To Restore the Watersheds: Early Twentieth-Century Tree Planting in Hawai‘i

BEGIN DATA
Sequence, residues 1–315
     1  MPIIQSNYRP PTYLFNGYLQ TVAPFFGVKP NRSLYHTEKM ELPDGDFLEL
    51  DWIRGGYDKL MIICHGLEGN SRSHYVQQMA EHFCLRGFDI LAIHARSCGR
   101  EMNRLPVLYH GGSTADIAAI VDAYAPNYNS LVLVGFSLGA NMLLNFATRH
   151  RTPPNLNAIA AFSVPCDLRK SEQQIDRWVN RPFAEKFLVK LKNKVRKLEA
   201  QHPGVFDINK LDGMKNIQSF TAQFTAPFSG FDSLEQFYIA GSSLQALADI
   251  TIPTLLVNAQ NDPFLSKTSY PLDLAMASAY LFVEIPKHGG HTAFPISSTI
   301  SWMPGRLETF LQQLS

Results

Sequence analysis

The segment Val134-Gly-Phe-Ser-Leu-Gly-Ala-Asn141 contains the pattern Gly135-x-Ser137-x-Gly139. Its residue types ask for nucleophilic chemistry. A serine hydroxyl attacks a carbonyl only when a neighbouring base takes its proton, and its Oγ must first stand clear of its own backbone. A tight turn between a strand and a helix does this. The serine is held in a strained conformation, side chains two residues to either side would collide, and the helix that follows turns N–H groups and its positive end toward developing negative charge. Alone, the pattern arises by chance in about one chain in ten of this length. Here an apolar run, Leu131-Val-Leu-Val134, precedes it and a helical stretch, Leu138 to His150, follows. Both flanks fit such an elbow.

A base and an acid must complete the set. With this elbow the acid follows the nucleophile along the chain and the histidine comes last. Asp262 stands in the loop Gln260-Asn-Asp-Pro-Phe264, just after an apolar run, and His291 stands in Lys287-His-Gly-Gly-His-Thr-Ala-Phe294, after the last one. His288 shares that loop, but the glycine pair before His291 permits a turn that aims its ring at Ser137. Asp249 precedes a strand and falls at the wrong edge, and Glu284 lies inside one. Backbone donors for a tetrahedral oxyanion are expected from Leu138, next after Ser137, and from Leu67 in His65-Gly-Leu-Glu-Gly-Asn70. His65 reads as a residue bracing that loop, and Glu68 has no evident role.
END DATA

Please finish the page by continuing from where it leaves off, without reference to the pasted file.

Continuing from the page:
The forest reserves of Hawai‘i were established in the early 1900s in response to concerns about supplies of freshwater in the islands and the degraded condition of the native forests protecting the watersheds. Tree-planting was a coordinated effort involving both Harold Lyon and the Hawaiian Sugar Planters' Association and Territorial Forestry under the direction of R. S. Hosmer. The early foresters planted many types of trees on an experimental basis, but concluded that native species were of limited utility and turned largely to introduced species for large-scale reforestation efforts. The number of trees planted rose to many millions by the 1930s, when Depression-era labor was available for planting. Lyon envisioned the plantations as a buffer zone that would be established between the remaining native forests and the lower-elevation agricultural lands to protect the native forests and perform the functions (maintaining input of water to aquifers) that native forest no longer could. This large-scale attempt to engineer nature was probably the largest environmental project ever carried out in the islands. Forestry introductions have been a significant contributor to Hawaii's alien-species crisis, with many of these tree species now problem invasives.